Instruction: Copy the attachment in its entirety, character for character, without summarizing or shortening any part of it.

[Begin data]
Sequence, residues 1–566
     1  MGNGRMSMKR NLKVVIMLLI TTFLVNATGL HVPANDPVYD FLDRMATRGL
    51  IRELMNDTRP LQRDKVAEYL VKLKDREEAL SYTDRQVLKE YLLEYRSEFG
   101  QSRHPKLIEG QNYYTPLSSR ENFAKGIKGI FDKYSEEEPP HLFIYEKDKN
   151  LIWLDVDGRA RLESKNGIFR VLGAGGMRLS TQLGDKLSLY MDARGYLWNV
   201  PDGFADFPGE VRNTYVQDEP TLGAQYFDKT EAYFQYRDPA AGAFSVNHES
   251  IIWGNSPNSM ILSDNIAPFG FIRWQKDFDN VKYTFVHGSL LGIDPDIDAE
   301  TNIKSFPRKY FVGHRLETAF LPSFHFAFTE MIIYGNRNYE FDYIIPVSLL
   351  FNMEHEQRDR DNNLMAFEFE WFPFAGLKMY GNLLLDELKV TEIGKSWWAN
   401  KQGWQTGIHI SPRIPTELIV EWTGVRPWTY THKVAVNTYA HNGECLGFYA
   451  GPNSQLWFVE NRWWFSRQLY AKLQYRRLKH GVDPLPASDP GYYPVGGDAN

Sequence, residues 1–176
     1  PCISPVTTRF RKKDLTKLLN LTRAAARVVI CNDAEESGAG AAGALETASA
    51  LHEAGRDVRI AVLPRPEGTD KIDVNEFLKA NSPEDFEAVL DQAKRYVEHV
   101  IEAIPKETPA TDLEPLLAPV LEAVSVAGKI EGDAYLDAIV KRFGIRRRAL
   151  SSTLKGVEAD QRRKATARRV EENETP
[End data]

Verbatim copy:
Sequence, residues 1–566
     1  MGNGRMSMKR NLKVVIMLLI TTFLVNATGL HVPANDPVYD FLDRMATRGL
    51  IRELMNDTRP LQRDKVAEYL VKLKDREEAL SYTDRQVLKE YLLEYRSEFG
   101  QSRHPKLIEG QNYYTPLSSR ENFAKGIKGI FDKYSEEEPP HLFIYEKDKN
   151  LIWLDVDGRA RLESKNGIFR VLGAGGMRLS TQLGDKLSLY MDARGYLWNV
   201  PDGFADFPGE VRNTYVQDEP TLGAQYFDKT EAYFQYRDPA AGAFSVNHES
   251  IIWGNSPNSM ILSDNIAPFG FIRWQKDFDN VKYTFVHGSL LGIDPDIDAE
   301  TNIKSFPRKY FVGHRLETAF LPSFHFAFTE MIIYGNRNYE FDYIIPVSLL
   351  FNMEHEQRDR DNNLMAFEFE WFPFAGLKMY GNLLLDELKV TEIGKSWWAN
   401  KQGWQTGIHI SPRIPTELIV EWTGVRPWTY THKVAVNTYA HNGECLGFYA
   451  GPNSQLWFVE NRWWFSRQLY AKLQYRRLKH GVDPLPASDP GYYPVGGDAN

Sequence, residues 1–176
     1  PCISPVTTRF RKKDLTKLLN LTRAAARVVI CNDAEESGAG AAGALETASA
    51  LHEAGRDVRI AVLPRPEGTD KIDVNEFLKA NSPEDFEAVL DQAKRYVEHV
   101  IEAIPKETPA TDLEPLLAPV LEAVSVAGKI EGDAYLDAIV KRFGIRRRAL
   151  SSTLKGVEAD QRRKATARRV EENETP